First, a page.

Some Monsters are for Nurturing, some are for Fighting

Leading UK virtual world Moshi Monsters is getting a lot of the limelight at present with various brand extension strategies such as toys, tv and music. Hot on their heels are Bin Weevils, going from strength to strength from a user acquisition perspective. Now there’s a new contender in the mix, or rather a Monster – Fight My Monster.

Whereas Moshi Monsters leverages a core play mechanic of Nurturing (definition:Interested in looking after their avatar and pet if applicable. Likely to be younger boys and girls, plus older girls), Fight My Monster focusses on pvp battles adopting a trading card style mechanic. Of course, like most other worlds and online games in this demographic there’s also a raft of mini-games.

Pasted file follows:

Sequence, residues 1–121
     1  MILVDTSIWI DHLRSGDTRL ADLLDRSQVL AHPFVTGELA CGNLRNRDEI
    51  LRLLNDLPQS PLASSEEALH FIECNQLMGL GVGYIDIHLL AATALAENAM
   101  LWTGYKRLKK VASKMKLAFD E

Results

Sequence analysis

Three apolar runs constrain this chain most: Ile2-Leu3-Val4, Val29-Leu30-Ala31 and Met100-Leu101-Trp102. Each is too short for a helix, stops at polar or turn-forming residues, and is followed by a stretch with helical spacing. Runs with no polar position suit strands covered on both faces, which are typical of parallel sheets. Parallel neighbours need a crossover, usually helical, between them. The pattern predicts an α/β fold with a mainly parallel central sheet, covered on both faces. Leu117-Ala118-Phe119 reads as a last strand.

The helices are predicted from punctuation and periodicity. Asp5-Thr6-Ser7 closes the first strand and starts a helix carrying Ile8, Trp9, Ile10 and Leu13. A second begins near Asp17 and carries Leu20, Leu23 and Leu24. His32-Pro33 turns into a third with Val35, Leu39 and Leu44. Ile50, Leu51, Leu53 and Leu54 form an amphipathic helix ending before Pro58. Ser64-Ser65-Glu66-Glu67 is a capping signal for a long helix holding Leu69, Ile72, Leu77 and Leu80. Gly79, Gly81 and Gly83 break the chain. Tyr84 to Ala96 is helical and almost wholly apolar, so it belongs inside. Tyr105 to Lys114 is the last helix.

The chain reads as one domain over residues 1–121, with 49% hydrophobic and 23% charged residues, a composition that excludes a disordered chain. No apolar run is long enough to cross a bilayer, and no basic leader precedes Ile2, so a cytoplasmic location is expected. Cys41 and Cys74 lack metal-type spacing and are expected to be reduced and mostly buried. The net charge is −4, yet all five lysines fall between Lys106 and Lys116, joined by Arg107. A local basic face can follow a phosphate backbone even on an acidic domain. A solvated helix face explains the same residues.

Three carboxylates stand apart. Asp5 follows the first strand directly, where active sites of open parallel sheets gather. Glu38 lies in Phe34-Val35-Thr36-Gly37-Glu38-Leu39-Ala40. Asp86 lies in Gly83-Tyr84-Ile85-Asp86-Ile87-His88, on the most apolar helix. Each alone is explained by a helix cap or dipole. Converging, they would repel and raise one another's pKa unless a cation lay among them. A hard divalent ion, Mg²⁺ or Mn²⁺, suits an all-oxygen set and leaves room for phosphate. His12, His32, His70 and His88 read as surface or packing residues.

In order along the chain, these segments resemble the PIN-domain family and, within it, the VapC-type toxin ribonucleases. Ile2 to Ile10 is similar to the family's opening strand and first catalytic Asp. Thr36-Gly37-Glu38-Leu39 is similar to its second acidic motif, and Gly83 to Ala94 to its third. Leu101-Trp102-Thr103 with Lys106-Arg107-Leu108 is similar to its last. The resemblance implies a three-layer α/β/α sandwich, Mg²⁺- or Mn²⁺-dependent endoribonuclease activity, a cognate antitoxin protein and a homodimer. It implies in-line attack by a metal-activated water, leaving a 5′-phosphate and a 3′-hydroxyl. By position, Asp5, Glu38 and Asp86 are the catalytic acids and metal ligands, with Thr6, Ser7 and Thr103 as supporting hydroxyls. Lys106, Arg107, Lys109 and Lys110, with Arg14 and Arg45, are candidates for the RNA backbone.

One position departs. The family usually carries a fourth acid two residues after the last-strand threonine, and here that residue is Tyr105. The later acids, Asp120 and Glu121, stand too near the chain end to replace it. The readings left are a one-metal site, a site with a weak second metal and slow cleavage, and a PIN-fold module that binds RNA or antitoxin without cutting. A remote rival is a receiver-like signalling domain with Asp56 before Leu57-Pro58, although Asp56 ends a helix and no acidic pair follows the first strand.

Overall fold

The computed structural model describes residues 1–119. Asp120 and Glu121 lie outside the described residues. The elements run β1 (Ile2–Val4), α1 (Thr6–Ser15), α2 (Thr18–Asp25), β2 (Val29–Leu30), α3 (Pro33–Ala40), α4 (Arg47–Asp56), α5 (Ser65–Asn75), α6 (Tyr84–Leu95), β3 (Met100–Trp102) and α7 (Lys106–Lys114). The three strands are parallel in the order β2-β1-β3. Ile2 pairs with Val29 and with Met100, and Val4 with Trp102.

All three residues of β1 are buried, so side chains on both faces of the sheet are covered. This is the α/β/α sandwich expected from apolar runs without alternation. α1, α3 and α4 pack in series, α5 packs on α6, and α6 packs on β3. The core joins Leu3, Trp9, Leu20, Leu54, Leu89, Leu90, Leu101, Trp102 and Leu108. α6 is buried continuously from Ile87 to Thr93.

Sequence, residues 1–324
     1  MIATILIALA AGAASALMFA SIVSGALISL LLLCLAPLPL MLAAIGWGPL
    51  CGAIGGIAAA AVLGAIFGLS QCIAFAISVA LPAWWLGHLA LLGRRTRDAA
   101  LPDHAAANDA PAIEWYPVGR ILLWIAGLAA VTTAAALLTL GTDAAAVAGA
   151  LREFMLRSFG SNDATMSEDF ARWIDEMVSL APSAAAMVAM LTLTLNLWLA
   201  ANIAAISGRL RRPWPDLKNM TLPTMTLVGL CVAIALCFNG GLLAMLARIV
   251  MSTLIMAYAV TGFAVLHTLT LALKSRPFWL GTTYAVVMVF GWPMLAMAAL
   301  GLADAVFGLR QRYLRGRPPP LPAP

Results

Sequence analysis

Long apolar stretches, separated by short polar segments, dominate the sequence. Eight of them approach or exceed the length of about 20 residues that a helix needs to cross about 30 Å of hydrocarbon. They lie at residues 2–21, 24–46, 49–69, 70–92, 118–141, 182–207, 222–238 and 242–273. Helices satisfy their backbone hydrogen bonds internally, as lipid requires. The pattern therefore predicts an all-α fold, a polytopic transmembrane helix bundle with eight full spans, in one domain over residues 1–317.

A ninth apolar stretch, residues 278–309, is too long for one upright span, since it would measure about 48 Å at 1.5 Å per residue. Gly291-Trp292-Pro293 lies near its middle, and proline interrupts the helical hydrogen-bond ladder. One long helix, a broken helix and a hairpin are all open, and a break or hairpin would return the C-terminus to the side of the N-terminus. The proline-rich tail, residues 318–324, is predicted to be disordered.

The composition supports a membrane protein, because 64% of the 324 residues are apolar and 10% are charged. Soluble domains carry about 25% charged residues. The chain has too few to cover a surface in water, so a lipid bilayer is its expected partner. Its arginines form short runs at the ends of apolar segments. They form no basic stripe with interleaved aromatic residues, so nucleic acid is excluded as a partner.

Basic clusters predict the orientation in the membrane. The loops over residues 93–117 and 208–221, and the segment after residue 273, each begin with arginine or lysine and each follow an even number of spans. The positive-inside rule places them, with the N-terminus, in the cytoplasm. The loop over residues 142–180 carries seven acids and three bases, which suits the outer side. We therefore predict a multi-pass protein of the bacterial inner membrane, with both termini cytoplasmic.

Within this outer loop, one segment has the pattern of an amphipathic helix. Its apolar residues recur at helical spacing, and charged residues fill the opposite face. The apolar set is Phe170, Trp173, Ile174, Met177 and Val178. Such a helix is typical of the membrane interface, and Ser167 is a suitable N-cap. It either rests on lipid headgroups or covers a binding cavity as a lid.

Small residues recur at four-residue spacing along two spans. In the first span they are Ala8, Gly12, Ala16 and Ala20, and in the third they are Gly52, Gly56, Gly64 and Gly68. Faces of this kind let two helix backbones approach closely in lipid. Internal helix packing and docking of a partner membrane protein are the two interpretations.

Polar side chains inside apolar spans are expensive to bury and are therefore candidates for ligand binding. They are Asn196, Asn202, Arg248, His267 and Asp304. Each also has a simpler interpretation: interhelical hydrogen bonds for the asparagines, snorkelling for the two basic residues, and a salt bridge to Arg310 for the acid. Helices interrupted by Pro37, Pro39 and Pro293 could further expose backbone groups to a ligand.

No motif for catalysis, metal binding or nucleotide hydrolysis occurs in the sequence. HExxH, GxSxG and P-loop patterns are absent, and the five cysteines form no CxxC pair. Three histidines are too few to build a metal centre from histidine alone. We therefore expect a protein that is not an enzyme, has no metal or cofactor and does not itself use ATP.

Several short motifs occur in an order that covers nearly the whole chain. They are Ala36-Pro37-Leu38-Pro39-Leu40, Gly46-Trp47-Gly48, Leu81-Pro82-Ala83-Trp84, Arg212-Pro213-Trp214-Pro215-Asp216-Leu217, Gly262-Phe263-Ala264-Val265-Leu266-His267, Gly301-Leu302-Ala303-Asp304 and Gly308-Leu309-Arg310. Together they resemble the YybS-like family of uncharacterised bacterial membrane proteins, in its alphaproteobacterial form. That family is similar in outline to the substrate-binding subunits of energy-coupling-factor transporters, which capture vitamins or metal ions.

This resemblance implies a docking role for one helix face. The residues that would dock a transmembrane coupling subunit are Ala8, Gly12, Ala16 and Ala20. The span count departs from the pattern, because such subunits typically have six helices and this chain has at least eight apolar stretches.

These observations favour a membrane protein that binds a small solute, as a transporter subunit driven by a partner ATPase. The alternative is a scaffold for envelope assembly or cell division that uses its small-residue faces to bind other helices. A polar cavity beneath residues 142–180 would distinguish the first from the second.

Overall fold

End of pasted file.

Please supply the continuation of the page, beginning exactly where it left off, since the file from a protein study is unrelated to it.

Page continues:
Fight My Monsters is growing relatively quickly, up to 300k users since their launch in Jan 2011 (91% from the UK). The chart below shows registered account growth (summer holidays are always good for acquiring users in the KT space).

Average session lengths are also on the rise, indicating a strengthening user engagement relationship.

Lastly, here’s a look at their user base age profile (profiles for other worlds can be seen here), compared against Moshi Monsters and Bin Weevils.

Fight My Monsters is close to Bin Weevils than Moshi Monsters, skewing towards eight, nine and tens. The high proportion of boys (84%) is a major contributing factor here as girls prefer nurturing mechanics to fighting. Once boys get to around 11 years old they are an extremely difficult segment to attract into virtual worlds and games.

This is one to watch.

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